Martinez

 

Photo courtesy of Sam Simpson

Where to begin with the Martinez – a drink about which so much has been written, so much conjectured and so little understood?

Of course many know the Martinez as the direct ancestor of the Martini (not least because of the name), but it is also cited as a sort of missing link – the crucial step between the brusque rye whiskey and cognac drinks of the mid/late 1800s and the fresher, lighter gin drinks of the early 20th century.

How much of a role as ancestor the drink can claim is uncertain – it appears to only be about five years older than its more famous relation.  But given that the Martinez was introduced in print (by O.H. Byron in The Modern Bartenders’ Guide (1884) as “same as a Manhattan, only you substitute gin for whiskey” it can clearly claim to have helped drinking society to cross from dark spirit based drinks to light.

In truth, not much is known about the history of the Martinez, or the initial form it takes.  In particular, Byron’s recipe was somewhat unhelpful as his book lists two recipes for the Manhattan and fails to specify which one the Martinez is based on.

As well as this, other bartenders from the 1800s have a claim to inventing the drink – Jerry Thomas may have been one (although the drink did not appear until the 1887 edition of his Bartender’s Guide), and some have traced the drink to Martinez. California and one Julio Richelieu who was said to have created it for a passing goldminer in 1874.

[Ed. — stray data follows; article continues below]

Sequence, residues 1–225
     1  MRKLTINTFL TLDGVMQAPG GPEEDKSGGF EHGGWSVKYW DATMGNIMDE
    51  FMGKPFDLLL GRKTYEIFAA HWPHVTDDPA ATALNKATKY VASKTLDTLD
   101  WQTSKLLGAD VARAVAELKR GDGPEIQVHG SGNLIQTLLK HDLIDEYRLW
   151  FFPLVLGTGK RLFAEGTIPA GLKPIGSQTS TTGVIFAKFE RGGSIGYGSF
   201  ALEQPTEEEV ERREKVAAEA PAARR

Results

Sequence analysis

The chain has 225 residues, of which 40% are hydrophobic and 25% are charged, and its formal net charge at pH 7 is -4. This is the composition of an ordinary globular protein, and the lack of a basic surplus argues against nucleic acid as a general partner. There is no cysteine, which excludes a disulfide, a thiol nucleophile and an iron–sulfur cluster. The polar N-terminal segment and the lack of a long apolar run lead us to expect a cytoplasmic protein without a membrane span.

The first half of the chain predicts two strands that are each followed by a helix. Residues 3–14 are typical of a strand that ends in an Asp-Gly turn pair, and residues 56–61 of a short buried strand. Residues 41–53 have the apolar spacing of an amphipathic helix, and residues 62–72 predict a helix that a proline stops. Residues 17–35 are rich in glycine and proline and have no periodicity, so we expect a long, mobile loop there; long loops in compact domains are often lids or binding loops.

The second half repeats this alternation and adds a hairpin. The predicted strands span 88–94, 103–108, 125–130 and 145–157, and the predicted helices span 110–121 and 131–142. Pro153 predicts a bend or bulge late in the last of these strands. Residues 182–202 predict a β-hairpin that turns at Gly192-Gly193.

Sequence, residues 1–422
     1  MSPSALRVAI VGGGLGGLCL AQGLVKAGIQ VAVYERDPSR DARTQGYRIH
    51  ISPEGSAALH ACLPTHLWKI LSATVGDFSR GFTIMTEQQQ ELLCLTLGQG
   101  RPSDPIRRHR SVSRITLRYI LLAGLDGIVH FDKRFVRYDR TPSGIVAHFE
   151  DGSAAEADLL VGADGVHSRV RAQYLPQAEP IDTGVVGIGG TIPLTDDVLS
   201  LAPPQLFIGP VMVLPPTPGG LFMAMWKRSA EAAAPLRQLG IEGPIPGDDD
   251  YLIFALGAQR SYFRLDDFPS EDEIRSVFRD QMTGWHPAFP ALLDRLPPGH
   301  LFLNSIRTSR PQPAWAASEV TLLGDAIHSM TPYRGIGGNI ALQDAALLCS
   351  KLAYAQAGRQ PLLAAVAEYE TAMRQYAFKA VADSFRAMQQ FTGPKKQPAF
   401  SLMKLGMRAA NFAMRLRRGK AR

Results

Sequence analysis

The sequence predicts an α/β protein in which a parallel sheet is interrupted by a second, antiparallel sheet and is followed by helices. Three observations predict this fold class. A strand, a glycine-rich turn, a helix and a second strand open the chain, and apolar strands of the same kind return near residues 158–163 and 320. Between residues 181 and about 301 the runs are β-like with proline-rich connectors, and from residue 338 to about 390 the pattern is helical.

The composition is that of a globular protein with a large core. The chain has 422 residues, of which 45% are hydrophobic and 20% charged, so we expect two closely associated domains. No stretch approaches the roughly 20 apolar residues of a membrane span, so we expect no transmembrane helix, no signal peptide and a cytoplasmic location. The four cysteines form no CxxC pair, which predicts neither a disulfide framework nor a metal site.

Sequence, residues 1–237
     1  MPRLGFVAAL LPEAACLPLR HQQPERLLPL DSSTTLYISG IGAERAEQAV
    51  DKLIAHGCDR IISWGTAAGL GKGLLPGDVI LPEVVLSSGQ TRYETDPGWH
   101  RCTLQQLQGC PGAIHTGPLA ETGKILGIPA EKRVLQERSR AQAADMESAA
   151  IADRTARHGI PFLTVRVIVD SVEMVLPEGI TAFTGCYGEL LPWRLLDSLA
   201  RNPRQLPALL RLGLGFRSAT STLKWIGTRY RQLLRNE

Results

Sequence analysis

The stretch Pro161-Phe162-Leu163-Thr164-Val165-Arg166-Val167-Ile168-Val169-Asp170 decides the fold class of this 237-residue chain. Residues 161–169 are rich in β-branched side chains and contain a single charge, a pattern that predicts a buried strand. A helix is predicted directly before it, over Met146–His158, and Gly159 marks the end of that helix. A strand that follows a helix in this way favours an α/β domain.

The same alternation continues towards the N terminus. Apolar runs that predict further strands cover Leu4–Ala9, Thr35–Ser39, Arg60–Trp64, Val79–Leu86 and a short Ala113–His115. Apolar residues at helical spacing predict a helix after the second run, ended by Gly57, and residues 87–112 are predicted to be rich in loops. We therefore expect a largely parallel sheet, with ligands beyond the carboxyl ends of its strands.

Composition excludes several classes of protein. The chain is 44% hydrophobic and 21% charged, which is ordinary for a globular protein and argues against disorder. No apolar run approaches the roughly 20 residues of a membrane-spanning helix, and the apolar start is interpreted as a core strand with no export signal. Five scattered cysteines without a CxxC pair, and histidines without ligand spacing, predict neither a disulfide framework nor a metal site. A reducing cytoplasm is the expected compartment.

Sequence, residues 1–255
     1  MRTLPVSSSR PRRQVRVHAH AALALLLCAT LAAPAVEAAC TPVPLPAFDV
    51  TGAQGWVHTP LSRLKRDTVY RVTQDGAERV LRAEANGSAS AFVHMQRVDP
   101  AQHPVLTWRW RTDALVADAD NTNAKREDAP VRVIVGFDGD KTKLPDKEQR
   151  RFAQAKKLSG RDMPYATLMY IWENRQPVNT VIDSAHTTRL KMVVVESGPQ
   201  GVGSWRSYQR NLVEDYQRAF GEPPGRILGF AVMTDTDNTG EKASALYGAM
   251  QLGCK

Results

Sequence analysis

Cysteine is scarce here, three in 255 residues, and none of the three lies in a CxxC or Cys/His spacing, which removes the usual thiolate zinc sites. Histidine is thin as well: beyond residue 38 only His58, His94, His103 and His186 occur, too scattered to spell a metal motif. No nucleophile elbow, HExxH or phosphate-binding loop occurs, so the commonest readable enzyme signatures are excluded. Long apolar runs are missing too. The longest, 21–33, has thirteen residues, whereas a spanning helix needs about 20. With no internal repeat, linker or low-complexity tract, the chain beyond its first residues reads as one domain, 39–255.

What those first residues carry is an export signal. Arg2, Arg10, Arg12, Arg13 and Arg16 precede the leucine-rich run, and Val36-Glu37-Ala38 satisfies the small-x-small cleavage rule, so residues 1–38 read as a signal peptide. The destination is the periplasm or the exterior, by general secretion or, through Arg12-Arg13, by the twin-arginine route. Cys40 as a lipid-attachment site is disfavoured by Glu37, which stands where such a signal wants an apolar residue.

By now, your view of the Martinez may be a little clouded.  It will only become more so.  In fact it’s fair to say that today’s Martinez is more of a category of drink than a single recipe.  Ingredient by ingredient the mystery grows.  Should it be based on Genever instead of gin?  Possibly, although the first printed record calls for gin.  But which gin?  Old Tom (a sweeter variety than the now ubiquitous Dry London) was certainly popular in the late 1800s, but does a drink which combines sweet vermouth and a sweet liqueur need any more sugar?  Probably to the palate of a late-Victorian drinker.

Next, the vermouth.  Byron listed both a sweet and dry Manhattan in his 1884 guide and there is no clue as to whether his Martinez used sweet or dry vermouth.  Most recipes now call for sweet on the basis that during the late 19th century this was more common than dry, so where a recipe fails to specify it is safest to assume sweet vermouth is intended.

Finally, the ratios.  As with the Martini, tastes have changed over time, and it is fair to say that most modern bartenders have turned the original two parts sweet vermouth to one part gin recipe precisely on its head.  Of course as the drink evolves towards the modern Martini, the recipe was forced to get drier, so there is no shame in calling for a more modern version.  Personally, I make mine as follows:

  1. Add a large measure of gin, a measure of sweet vermouth, a barspoon of Maraschino and three dashes of bitters to a mixing glass of ice.
  2. Stir for sixty seconds and strain into a chilled martini glass/coupe.
  3. Garnish with either a twist of lemon or a cherry.

Sophisticated, a little bit dry and a little bit sweet too, and probably still true to some halfway-house recipe that paved the way for the classic Martini.  History in a glass.

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Guid Auld Scotch Drink